29th International Railway Safety Council Conference wraps up in Perth: Glasgow announced to host 30th


The 29th International Railway Safety Council (IRSC) conference, jointly organised by the Rail Industry Safety and Standards Board (RISSB), the Office of the National Rail Safety Regulator (ONRSR), and the Australian Transport Safety Bureau (ATSB) was an outstanding success.

Themed Innovation and Technology: Changing the Future of Rail Safety, the conference attracted more than 220 attendees from over 20 countries to Perth.

Delegates representing government, regulators, operators, network managers, investigators, and suppliers from across Australia and overseas were inspired by speakers who highlighted current practices in their region and encouraged conference attendees to push through barriers to innovation and embrace new technologies.

This year’s IRSC conference included three stakeholder group meetings, over 25 presentations and four fantastic site visits, including a tour of Speno Rail Maintenance Australia’s maintenance facility, Roy Hill’s remote operations centre and a full day visit to Roy Hill’s operations and the Port Hedland Port in the Pilbara, over 1,600 kilometres from Perth.

With presentations ranging from rail safety and the fourth industrial revolution, digital train control and virtual certification, to risk analysis methodology and equipment safety and compliance management, the range of topics and presenters reflected the diverse interests of everyone attending the conference.  In addition to stakeholder meetings, and keynote presentations, this year’s conference featured plenty of networking opportunities for attendees and partners alike.

Following an informal welcome reception at the City of Perth Surf Life Saving Club on Sunday, 13 October which included a performance by the Wadambah Dance Group, the conference was officially opened on Monday, 14 October with a welcome speech by RISSB’s Executive Chair and Chief Executive Officer, Deborah Spring. As part of this speech, Deborah highlighted how Standards can promote and enhance innovation as well as improve safety and drive efficiency.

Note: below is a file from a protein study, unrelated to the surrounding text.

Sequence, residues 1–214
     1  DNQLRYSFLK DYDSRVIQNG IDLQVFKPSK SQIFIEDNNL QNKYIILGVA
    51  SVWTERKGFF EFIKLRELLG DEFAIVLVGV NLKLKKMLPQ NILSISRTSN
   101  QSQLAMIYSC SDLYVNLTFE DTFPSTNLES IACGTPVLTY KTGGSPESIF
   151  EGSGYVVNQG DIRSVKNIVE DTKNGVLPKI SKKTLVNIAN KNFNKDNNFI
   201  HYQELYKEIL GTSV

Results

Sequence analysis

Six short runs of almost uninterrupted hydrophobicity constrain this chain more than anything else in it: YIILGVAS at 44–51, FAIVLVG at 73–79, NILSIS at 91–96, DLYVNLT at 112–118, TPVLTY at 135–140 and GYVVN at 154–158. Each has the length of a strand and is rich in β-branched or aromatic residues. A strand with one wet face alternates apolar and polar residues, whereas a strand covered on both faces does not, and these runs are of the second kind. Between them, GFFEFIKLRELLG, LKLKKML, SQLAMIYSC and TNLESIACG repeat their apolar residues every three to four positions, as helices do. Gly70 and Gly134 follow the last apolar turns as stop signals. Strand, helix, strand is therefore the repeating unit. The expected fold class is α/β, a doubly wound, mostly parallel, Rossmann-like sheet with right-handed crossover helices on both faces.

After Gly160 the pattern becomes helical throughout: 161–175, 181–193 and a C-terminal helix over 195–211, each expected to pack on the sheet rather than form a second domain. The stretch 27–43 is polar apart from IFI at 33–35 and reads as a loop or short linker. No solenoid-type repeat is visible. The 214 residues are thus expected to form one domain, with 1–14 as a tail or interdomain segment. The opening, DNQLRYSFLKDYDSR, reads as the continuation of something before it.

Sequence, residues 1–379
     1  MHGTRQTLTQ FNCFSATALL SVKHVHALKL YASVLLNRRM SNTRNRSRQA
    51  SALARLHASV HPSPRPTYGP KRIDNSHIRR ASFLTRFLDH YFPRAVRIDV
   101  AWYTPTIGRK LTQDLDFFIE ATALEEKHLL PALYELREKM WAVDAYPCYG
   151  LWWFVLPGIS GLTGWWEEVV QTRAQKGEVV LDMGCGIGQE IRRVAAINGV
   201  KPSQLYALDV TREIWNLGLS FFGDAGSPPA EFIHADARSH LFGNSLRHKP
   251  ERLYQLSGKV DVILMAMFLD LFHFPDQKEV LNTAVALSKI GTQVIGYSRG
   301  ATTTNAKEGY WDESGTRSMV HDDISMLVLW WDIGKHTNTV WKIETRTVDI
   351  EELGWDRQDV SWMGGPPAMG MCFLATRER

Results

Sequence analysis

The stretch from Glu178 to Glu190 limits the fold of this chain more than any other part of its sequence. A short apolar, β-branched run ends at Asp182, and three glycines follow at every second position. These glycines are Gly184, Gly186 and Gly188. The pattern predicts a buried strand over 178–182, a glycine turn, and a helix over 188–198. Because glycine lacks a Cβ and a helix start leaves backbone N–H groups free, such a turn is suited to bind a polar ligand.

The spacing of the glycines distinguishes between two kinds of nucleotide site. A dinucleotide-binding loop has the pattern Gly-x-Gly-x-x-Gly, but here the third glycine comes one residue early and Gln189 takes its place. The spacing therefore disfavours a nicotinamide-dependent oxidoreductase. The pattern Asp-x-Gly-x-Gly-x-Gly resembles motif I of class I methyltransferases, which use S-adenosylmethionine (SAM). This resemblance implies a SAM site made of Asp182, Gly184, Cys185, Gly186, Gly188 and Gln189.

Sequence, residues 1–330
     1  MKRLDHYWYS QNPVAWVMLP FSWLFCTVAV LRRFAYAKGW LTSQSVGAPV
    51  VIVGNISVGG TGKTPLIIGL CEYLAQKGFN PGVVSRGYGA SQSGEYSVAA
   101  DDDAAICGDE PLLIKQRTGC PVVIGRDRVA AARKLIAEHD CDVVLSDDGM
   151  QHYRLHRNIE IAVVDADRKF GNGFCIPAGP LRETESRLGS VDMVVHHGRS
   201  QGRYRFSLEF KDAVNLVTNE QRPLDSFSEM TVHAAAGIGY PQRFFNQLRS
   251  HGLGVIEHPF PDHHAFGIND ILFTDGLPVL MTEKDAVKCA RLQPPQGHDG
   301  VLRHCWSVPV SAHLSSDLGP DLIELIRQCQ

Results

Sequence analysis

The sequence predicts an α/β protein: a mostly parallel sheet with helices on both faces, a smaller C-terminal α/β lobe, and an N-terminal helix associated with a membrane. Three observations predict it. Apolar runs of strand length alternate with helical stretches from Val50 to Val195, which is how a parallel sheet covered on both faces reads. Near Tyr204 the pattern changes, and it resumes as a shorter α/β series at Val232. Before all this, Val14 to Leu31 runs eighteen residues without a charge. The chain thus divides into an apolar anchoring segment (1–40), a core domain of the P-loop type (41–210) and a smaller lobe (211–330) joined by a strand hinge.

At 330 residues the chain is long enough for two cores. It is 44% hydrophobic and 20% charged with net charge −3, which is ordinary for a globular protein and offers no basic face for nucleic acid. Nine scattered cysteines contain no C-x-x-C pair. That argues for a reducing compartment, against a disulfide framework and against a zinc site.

After Deborah’s opening speech, topics ranging from digital transformation of the rail sector, risk analysis methodology, rail safety and the fourth industrial revolution, to operational and financial management, were discussed during the day.

Kay Doyle and Cathal Mangan from Iarnród Eireann / Irish Rail opened the day’s first session on Demonstrating Safety in New Technology with a presentation on Digitalisation Reducing Risk in Irish Rail sharing their experiences in effectively capturing historical information and retaining corporate knowledge before it’s lost in the sands of time. Frédéric Delorme from SNCF, France then pushed delegates’ thinking on rail safety and the fourth industrial revolution.

The conference then changed sub-theme to Don’t Save Yourself into Trouble where industry experts Dr Peaceman Sopazi, from the Railway Safety Regulator, South Africa; Frédéric Henon from SNCF, France; and Tian Jun, from the NRA, P. R. China outlined the tension between operational demands and financial constraints and how to address these to ensure proper funding for safety.

The day continued with three presentations focused on conference sub-theme Risk Management and Assurance.  Laurent Cebulski from Etablissement Public de Sécurité Ferroviaire (EPSF), France; Jaime Maguire from Harsco Rail, USA; and Eva-Lotta Högberg, Swedish Accident Investigation Authority, Sweden; and Tim Proctor from Indec Consulting, Australia encouraged delegates to think about the integration of technology and people in an established network.

The first day of the annual conference concluded with a gala dinner at Sandalford Wines at Caversham. Visitors were given the chance to pat a koala and kangaroo, as well as listen to an Australian bush band. The keynote speaker, Naomi Frauenfelder, Executive Director of TrackSafe, gave a moving speech on the importance of focusing on the mental wellbeing of employees to drive a safety culture.

Nat Nagy of ATSB opened Day 2 of the conference with a safety thought, challenging delegates to maintain a “restless vigilance” in regards to safety.


The 29th IRSC Organising Committee – Julie Bullas (ONRSR), Nat Nagy (ATSB) and Deborah Spring (RISSB).


Day 2 presentations commenced with Sue McCarrey, Australia’s National Rail Safety Regulator addressing the sub-theme Demonstrating Safety in New Technology and providing a regional perspective on regulation and innovation to a global safety conversation. Bringing insights from the other side of the world, Allan Spence from Network Rail, challenged conventional notions of a robust safety management system and the need to get behind the KPI numbers to understand what is really happening – a poignant and powerful presentation which earnt him the Best Presentation Award at the conference.  Rounding out the remainder of the morning were presentations by Laurent Cebulski from EPSF, France and KC Cheung from Hong Kong SAR Government.